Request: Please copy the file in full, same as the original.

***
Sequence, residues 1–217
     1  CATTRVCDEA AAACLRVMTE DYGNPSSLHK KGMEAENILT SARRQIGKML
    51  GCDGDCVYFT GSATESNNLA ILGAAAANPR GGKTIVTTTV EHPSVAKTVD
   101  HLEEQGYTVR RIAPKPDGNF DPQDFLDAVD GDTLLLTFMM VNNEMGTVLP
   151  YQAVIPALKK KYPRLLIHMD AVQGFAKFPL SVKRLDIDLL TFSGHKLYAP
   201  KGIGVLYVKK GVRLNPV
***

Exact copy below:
Sequence, residues 1–217
     1  CATTRVCDEA AAACLRVMTE DYGNPSSLHK KGMEAENILT SARRQIGKML
    51  GCDGDCVYFT GSATESNNLA ILGAAAANPR GGKTIVTTTV EHPSVAKTVD
   101  HLEEQGYTVR RIAPKPDGNF DPQDFLDAVD GDTLLLTFMM VNNEMGTVLP
   151  YQAVIPALKK KYPRLLIHMD AVQGFAKFPL SVKRLDIDLL TFSGHKLYAP
   201  KGIGVLYVKK GVRLNPV